further on the downward road. One good thing only came out of it all : he grew more and more

in love with Lucy. He almost loved her.

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For some days Mr. Boxal! was so uneasy about Mary that he forgot his appointment with Mr Worboise. At length, however, when a thaw had set in, and she had begun to improve, he went to call upon his old friend. “Ah, Boxall ! glad to see you. What a man you are to make an appointment with ! Are you aware, sir, of the value of time in London, not to say in this life generally P Are you aware that bills are due at certain dates, and that the man who has not money at his banker's to meet them is dishonoured—euphemistically shifted to the bill P” Thus jocosely did Mr. Worboise play upon the well-known business-habits of his friend, who would rather, or at least believed he would rather, go to the scaffold than allow a bill of his to be dishonoured. But Mr. Boxall was in a good humour too this morning. “At least, Worboise,” he answered, “I trust when the said bill is dishonoured, you may not be the holder.” “Thank you. I hope not. I don't like losing money.” “Oh, don't mistake me ! I meant for my sake, not yours.” go Why ?” “Because you would skin the place before you took the pound of flesh. I know you !” Mr. Worboise winced. Mr. Boxall thought he had gone too sar, that is, had been rude. But Mr. Worboise laughed aloud. “You flatter me, Boxall,” he said. “I had no idea I was such a sharp practitioner. But you ought to know best. We'll take care, at all events, to have this will of yours right.” So saying, he went to a drawer to get it out. But Mr. Boxall still feared that his friend had thought him rude. “The fact is,” he said, “I have been so uneasy about Mary—” “Why? What's the matter?” interrupted Mr. Worboise, stopping on his way across the room. “Don’t you know P” returned Mr. Boxall, in some surprise. “She’s never got over that Hampstead Heath affair. She's been in bed ever since.” “God bless me !” exclaimed the other. “I never heard a word of it. What was it?”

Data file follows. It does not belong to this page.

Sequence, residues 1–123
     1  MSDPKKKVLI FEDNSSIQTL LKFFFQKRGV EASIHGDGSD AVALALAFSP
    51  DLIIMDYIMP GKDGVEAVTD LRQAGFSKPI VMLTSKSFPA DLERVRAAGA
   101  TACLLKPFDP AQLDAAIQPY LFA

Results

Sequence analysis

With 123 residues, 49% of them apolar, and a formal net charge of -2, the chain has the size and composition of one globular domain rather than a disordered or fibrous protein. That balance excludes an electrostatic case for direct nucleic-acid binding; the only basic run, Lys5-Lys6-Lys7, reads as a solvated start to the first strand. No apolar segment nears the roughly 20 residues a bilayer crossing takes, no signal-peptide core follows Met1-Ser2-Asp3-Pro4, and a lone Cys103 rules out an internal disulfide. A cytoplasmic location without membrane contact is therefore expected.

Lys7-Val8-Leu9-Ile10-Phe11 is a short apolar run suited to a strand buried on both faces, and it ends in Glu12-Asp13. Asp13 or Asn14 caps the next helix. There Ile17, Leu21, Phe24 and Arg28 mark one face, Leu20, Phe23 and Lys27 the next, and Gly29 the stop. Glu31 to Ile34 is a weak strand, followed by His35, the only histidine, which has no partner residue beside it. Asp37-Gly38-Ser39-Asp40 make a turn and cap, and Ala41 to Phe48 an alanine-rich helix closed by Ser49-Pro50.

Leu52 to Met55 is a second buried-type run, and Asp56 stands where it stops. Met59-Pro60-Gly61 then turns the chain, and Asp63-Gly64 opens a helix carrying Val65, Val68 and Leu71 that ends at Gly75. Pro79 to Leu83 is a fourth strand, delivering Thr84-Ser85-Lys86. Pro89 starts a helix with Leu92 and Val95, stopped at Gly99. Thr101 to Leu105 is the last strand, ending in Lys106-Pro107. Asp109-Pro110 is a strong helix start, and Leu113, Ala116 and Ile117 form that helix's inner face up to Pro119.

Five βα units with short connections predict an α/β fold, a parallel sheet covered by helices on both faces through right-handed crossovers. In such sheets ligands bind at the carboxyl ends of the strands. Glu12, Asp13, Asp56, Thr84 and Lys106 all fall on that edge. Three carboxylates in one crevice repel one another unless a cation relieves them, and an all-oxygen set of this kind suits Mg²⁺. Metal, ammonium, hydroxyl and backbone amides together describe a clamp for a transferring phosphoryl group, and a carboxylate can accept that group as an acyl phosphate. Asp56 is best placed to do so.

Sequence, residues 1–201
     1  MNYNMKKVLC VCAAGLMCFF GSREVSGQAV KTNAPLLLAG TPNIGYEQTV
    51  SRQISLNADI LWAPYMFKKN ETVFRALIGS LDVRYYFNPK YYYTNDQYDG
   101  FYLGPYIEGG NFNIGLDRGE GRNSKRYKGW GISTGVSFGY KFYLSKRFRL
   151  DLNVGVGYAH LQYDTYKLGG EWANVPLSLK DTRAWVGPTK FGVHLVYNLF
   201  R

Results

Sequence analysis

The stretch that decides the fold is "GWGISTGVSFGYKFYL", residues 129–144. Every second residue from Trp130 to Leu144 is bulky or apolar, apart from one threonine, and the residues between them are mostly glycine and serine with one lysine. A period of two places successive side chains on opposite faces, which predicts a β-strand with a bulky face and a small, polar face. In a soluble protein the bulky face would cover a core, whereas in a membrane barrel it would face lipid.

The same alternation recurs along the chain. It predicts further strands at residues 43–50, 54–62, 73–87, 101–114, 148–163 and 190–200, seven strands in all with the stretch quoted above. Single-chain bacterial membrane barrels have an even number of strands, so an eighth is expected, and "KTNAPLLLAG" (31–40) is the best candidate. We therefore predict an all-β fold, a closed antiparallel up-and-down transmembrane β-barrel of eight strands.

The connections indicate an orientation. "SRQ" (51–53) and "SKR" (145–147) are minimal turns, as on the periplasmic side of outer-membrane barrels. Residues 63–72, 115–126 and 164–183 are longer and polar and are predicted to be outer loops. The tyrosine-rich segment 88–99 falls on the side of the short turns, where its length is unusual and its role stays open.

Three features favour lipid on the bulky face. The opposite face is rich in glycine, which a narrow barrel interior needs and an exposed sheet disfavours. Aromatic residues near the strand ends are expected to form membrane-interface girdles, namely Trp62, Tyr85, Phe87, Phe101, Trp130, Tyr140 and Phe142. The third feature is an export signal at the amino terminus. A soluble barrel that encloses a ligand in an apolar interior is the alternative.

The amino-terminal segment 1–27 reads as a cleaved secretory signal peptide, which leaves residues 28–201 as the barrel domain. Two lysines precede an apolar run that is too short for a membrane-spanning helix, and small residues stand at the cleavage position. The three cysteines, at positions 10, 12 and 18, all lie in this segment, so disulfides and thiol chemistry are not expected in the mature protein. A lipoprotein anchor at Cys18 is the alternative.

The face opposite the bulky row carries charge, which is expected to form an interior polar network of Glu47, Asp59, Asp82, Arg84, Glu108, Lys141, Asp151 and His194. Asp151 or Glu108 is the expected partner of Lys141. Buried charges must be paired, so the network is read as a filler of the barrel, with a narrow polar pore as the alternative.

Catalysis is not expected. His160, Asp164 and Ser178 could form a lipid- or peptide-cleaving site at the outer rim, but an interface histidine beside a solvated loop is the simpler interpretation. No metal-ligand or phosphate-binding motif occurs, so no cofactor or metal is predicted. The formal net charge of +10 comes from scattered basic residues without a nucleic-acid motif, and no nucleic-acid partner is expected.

So Mr. Boxall told as much as he knew of the story, and any way there was not much to tell. “Never heard a word of it !” repeated the lawyer. The statement made Mr. Boxall more uneasy than he cared to show. “But I must be going,” he said; “so let's have this troublesome will signed and done with.” “Not in the least a troublesome one, I assure you. Rather too simple, I think. Here it is.” And Mr. Worboise began to read it over point by point to his client. “All right,” said the latter. “Mrs. Boxall to have everything, to do with it as she pleases. It is the least I can say, for she has been a good wife to me.” “And will be for many years to come, I hope,” said Mr. Worboise. “I hope so. Well, go on.” Mr. Worboise went on. “All right,” said his client again. “Failing my wife, my daughters to have everything, as indeed they will whether my wife fails or not—at last I mean, for she would leave it to them, of course.” “Well,” said the lawyer, “and who comes next 7” “Nobody. Who did you think?” “It's rather a short—doesn't read quite business-like. Put in anybody just for the chance—a poor one, ha I ha l' with such a fine family as yours.” “Stick yourself in then, old fellow; and though it won't do you any good, it'll be ar, expression of my long esteem and friendship for you.” “What a capital stroke "thought Mr. Boxall. “I’ve surely got that nonsense out of his head now. He'll never think of it more. I was country-bred.” “Thank you, old friend,” said Mr. Worboise quietly, and entered his own name in succession. The will was soon finished, signed, and witnessed by two of Mr. Worboise's clerks. “Now what is to be done with it P” asked Mr. Worboise. “Oh, you take care of it for me. You have more stowage—for that kind of thing, I mean,—than I have. I should never know where to find it.” o If you want to make any alteration in it, there's your box, you OW. “Why, what alteration could I want to make in it?” “That's not for me to suppose. You might quarrel with me though, and want to strike cut my name.” “True. I might quarrel with my wife too, mightn't I, and strike her name out f*